What happens when you cram tons of highly intelligent, enthusiastic, hardworking students into one place and try to transform them through four years of rigour and sleep deprivation into successful engineers?

Even non-engineers should know that such a person requires some sort of outlet, and for the cast of Skule Nite, it’s a musical comedy revue. Logic should follow that overloading these diligent students with even more classes and depriving them of even more sleep can turn them into a world famous musical sketch comedy revue. At least, that is what Skule Nite hopes will happen when they compete in this year’s Toronto Sketch Comedy festival.

Ever since their first variety show performance at Massey Hall in 1921, Skule Nite has been dazzling audiences with their witty scenes and zany musical numbers. Featured every March at Hart House, the group’s annual show has become a mainstay of the university’s theatre scene and plays to packed houses every year. According to group member Jonathan Sun, Skule Nite’s brand of comedy “is made up of short scenes touching on a variety of different subjects that don’t necessarily have to do with one another. Just think Saturday Night Live.”

He adds that unlike many other comedy groups, Skule Nite members do not generate their material through improvisation, but plan and write it ahead of time. “Since we’re associated with the Faculty of Engineering, we do include some engineering jokes in our routines, but we try to make sure that they are suitable for a general audience.”

Group member Hasan Alkabeer adds, “At least 70 per cent of our material has to do with other topics: politics, pop culture, anything really. We want to be accessible to everyone.” For example, one of last year’s sketches featured “Four Years to Save the World,” a song that parodied Barack Obama using the Madonna hit “Four Minutes.”

Engineering students find themselves joining Skule Nite through a variety of paths. Elissa Caccavella, a fourth-year chemical engineering student and assistant director of this year’s March show, recounts, “In my first year here I went to see the show and could not pass up the chance to audition. I’ve always been a dancer, so I appreciated the incorporation of musical theatre elements into the show. It’s a good way to meet new people and engage with the wider community. It’s also a nice break from school.”

Not all Skule Nite members are engineering students. A friend introduced Gete Berhe, who studies human biology, to the group. “I auditioned because a friend who studies engineering needed someone to audition with. I got in, and since then, I’ve absolutely fallen in love with Skule Nite,” she said.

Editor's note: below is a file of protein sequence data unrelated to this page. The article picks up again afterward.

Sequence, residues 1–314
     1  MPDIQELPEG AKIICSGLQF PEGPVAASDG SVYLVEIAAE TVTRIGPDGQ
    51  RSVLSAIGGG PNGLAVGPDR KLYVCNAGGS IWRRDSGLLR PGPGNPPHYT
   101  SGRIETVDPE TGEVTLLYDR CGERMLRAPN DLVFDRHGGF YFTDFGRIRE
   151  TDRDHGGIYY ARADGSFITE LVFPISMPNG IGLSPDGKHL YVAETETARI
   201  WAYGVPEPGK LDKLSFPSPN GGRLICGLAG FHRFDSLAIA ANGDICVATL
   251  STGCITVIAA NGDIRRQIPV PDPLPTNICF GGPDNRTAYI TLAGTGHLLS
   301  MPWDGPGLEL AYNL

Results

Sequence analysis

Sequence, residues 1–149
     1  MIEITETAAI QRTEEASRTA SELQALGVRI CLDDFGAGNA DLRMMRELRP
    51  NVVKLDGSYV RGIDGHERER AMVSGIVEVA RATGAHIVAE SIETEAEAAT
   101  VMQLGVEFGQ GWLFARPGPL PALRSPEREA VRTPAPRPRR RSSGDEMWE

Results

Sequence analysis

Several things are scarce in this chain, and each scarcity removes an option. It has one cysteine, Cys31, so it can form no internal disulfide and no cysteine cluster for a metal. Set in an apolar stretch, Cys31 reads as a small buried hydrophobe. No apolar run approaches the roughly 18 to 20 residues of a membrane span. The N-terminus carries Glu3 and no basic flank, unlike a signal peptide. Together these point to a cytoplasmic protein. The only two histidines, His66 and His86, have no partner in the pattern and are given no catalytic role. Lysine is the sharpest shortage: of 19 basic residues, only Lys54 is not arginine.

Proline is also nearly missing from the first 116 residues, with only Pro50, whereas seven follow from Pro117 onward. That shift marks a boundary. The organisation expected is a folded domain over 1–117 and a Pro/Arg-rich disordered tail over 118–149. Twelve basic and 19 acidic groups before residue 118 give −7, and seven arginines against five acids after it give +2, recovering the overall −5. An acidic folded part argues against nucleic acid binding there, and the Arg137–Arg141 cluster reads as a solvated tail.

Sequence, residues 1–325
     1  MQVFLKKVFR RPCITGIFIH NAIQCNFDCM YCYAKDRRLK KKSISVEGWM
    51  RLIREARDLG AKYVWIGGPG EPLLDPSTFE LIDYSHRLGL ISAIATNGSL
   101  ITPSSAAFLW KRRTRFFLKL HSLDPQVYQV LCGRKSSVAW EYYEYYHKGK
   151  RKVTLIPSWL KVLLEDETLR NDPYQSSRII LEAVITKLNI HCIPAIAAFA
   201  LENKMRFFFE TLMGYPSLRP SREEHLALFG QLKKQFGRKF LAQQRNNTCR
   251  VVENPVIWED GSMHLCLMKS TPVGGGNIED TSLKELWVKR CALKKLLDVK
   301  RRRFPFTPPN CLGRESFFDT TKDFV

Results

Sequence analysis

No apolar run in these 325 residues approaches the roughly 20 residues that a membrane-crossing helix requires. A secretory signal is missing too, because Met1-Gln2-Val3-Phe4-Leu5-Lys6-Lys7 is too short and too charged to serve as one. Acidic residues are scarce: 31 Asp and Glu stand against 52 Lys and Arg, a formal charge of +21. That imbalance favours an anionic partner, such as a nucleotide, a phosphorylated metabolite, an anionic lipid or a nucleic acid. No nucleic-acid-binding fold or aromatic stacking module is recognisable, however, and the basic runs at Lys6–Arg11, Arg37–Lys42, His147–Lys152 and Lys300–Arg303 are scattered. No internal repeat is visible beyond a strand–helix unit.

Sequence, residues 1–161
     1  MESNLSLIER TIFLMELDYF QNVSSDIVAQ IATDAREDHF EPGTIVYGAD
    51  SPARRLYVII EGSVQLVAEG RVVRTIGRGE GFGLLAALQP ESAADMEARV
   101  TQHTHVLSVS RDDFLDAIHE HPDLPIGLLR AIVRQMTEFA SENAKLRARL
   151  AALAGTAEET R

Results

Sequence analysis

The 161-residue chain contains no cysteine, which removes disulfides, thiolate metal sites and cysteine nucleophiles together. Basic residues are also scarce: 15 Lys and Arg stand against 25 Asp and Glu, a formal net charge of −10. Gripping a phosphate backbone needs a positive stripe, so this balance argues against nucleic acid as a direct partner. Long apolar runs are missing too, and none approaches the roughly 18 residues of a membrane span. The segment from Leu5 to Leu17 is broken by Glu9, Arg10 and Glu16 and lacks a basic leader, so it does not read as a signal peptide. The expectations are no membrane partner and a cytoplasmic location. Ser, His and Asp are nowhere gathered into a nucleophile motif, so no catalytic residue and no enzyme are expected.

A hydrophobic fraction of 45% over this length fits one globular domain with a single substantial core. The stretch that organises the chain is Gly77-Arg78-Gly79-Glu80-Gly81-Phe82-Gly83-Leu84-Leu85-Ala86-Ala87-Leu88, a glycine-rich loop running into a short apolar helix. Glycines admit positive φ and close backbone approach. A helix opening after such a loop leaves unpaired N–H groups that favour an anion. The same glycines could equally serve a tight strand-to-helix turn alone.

Nina Mason, who recently graduated from U of T’s Drama department and is now training to become a Montessori teacher, appreciates the laid-back atmosphere of the group. “This is much less formal than the kind of work I’m used to,” she says. “It’s more casual and participants have a more direct impact on the creative process. In the drama department I did various kinds of classical and contemporary theatre and I liked that. However, with Skule Nite I get to do something completely different.”

Building on the success that they have enjoyed over the years, Skule Nite members decided to expand their scope by entering Sketch Fest, an annual competition for sketch comedy groups from across Canada and the United States. According to group member Peter Raimondo, “Of about 120 entries from across Canada and the U.S., 48—including Skule Nite—were selected. We are very excited about this.” Sketch Fest will allow Skule Nite to perform alongside such well-established professional groups as Toronto Second City. Prizes include a range of cash awards, free workshops, and further performance opportunities.

One of the many hilarious sketches to be featured in the performances is entitled “Coming Soon,” and tells the story of three roommates, one of whom has recently started a job doing voice-overs for film previews. Perhaps overzealous in his career, he has begun to narrate all aspects of his daily life as voice-overs, and his omniscient insight into his surroundings soon leads him to reveal his two roommates’ dirtiest secrets, to his own advantage.

This year’s festival features three other groups that have attended U of T: Statutory Jape, The Boom, and Shoeless. But let’s see how far Skule Nite can go while they continue to spend their days in class.

The Toronto Sketch Comedy Festival runs November 10 to 15 at The Second City and other venues. For more information, visit torontosketchfest.com.

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